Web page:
Inside the Eurozone Blog Articles

Against long odds, Chelsea FC overcame both Barcelona and Bayern Munich to win the UEFA Champions League. While Chelsea lost the final (and the semi-final for that matter) by any metric but the score line, goals are all that matters in the end. Style, invention, elegance belong to the football purist, not the pragmatist, and in this case the pragmatist won out. Beauty and efficacy aren’t always bedfellows on the pitch. It was Chelsea’s first Champions League trophy and a muffler to the criticisms that the club lacks a European pedigree. Moreover, it’s a result of which club and country can be proud. But pride should not be the only response, for the victory should give the English Football Association pause. Pause, not for how it was won, but pause because of who won it.

By Pat Lane  |  June 11, 2012

The Schengen Agreement has long been part of what makes Europe unique. With the elimination of domestic border controls, the agreement allows for unprecedented freedom of travel between member countries. One common border now stands between much the European Union and the rest of the world. As soon as international travelers pass through a checkpoint, they are welcome to visit 26 different countries. This arrangement, however vaunted, is now the subject of increased scrutiny from across the continent.

By Pat Lane  |  April 10, 2012

How do you define a generation?

Not easily. With countless exceptions and contentions, the characterization of an era is a project for the masochist. It is an endeavor far easier to criticize than to realize. This point proves especially true when one seeks to define the present generation, as the task is undertaken without the benefit of hindsight. Difficult as it may be, characterizing the present era offers the social sciences a useful predictive tool to gauge what the future holds for politics, economics, and society as a whole.

By Pat Lane  |  March 3, 2012

When Shergar wins the Epsom again. When Rev. Paisley does a jig down the Falls Road. When the Dail outlaws the drink.

Well, Shergar’s nowhere to be found, Paisley’s soon to see St. Peter, and considering recent economic forecasts, the Dail could use a pint just about now. But this year in Ireland, the once inconceivable, has become reality.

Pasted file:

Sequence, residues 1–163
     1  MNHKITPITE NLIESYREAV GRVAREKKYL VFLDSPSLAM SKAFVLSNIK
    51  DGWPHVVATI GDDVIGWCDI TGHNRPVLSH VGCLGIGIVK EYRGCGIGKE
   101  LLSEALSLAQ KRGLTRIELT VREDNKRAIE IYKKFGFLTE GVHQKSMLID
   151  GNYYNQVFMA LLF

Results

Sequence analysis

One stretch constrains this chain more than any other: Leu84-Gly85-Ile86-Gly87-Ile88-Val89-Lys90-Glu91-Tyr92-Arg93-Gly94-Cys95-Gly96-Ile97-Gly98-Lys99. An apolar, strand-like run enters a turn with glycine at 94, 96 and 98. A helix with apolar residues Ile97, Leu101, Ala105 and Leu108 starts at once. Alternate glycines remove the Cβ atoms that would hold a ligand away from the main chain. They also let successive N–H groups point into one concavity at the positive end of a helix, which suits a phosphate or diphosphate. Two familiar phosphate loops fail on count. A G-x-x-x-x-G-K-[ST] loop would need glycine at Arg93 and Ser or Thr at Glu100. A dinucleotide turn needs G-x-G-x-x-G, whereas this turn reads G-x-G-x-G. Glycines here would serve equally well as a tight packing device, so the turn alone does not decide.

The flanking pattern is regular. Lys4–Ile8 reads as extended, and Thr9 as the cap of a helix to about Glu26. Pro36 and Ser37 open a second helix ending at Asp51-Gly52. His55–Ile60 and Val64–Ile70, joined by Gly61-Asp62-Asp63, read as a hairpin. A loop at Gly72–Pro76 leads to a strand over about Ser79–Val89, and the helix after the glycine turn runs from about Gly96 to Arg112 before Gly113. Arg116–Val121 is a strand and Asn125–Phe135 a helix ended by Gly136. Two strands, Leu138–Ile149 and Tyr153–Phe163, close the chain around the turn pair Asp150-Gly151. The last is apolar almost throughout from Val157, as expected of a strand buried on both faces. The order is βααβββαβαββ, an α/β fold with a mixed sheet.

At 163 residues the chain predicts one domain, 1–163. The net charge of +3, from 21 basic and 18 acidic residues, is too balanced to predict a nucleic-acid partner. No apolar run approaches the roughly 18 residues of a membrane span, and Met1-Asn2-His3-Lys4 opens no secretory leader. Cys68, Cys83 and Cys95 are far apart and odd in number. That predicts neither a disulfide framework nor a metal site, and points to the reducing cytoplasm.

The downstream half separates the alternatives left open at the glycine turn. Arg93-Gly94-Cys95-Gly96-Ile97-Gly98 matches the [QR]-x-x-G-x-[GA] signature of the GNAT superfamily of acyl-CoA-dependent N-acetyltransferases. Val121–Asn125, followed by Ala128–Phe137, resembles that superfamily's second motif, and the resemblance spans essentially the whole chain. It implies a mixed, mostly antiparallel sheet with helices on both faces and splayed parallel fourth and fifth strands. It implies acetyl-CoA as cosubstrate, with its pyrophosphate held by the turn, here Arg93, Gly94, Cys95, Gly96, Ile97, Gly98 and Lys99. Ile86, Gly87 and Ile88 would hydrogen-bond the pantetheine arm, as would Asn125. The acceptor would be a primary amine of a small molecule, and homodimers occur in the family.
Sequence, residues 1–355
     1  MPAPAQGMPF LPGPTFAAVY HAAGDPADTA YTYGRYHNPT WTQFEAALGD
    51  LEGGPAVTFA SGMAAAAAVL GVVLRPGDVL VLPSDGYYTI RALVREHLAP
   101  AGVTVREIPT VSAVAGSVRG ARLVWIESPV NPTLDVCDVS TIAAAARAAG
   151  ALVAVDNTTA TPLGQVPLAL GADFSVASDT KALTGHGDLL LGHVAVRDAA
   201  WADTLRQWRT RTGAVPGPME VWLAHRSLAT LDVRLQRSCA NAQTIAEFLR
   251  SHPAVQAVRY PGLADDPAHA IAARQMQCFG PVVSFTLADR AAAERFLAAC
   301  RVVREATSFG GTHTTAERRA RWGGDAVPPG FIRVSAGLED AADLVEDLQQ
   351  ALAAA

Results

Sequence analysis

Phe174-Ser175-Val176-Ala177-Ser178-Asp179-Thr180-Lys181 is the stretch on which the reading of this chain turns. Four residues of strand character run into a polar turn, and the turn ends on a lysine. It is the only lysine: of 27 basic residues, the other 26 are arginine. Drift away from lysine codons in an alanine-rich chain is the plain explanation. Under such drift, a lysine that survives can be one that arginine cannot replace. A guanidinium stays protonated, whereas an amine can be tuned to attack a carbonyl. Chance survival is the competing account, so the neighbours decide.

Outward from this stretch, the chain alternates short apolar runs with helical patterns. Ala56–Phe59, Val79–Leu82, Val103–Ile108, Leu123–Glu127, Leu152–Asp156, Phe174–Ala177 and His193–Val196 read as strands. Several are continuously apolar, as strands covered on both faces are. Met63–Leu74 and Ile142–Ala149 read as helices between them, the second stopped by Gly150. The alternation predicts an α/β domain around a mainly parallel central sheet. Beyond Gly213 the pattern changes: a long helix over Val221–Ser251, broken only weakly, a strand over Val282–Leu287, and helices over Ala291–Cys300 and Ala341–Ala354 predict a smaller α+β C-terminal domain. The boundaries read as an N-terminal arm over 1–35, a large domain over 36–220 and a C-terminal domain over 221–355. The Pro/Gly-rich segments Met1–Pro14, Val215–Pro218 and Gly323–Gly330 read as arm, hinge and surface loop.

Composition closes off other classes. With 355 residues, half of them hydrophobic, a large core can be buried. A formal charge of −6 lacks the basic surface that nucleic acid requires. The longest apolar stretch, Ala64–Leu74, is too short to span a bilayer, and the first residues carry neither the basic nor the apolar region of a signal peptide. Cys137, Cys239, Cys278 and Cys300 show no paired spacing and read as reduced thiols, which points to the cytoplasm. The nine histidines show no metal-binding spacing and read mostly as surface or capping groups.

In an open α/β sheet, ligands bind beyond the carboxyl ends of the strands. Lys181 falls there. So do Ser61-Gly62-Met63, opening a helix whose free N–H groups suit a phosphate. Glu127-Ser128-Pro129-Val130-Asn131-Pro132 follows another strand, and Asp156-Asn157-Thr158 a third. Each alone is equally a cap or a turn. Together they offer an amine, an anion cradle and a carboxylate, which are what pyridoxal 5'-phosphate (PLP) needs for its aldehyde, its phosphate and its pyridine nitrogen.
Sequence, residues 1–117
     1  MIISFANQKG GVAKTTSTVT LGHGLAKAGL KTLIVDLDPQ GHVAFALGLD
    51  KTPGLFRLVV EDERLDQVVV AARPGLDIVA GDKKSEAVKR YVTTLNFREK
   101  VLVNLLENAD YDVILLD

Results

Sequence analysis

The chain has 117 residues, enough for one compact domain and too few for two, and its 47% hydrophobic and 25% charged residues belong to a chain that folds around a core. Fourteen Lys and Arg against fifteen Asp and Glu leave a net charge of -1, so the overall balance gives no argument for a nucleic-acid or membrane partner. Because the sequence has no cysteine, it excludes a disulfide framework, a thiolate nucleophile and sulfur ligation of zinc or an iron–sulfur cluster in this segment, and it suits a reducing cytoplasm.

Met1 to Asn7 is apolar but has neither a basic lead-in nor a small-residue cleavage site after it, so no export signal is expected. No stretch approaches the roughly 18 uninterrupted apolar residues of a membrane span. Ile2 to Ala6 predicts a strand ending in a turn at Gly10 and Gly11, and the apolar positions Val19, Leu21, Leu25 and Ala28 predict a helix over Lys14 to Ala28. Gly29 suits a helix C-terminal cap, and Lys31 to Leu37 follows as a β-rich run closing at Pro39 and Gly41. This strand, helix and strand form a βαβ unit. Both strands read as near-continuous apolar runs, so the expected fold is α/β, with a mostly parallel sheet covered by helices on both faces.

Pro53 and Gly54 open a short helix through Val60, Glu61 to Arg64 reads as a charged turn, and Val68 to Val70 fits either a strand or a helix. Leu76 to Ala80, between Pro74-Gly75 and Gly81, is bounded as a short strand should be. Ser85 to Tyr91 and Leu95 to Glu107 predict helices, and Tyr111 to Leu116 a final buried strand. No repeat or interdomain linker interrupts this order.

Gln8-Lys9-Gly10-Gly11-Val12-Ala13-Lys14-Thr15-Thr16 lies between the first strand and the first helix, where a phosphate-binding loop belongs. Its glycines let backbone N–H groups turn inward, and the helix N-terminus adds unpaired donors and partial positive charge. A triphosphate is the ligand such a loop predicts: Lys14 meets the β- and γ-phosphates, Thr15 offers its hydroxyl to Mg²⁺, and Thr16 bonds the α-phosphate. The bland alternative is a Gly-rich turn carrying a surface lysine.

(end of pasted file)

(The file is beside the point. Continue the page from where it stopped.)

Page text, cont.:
Queen Elizabeth II, the reigning British monarch, is now more welcome on Erin’s shores than the head of the Roman Catholic Church, Benedict XVII. A more surprising shift in recent history one would be hard-pressed to find. Time has proven once again that it does have a healthy sense of irony.

By Pat Lane  |  February 16, 2012

BERLIN — Walk down the Unter den Linden past the American Embassy. Acknowledge the Brandenburg Gate with a momentary gaze. Look right for a glimpse of the Reichstag, but head left to the square of austere concrete slabs. Spaced out evenly of assorted heights, the blocks lack the adorning touch of the aesthete. They simply exist — row upon row separated by narrow lanes. Edge deeper into the uncertainty until reaching the place where the monoliths consume you. This is The Memorial to the Murdered Jews of Europe. It stands at the center of Germany’s capital, a constant marker of national remorse.

By Pat Lane  |  February 4, 2012

On Feburary 4th, the Scotland Rugby Team will stand on the pitch of Edinburgh’s Murrayfield Stadium and listen to “God Save the Queen.” The 60,000 tartan supporters, UK citizens, will remain largely silent throughout. A boo or two may even make its way through the stands.  Then with saltires waving and bagpipes playing, the Scots will proudly sing:

                        O Flower of Scotland,

                        When will we see your like again

By Pat Lane  |  January 11, 2012

Maybe Turkey isn’t fit for Europe after all. And maybe, Europe isn’t fit for Turkey either. Many Europeans have long been hostile to Turkey’s bid for accession to the EU, while many Turks have always seen EU membership as central to the country’s future. Now the hostility is mutual.

By Pat Lane  |  January 5, 2012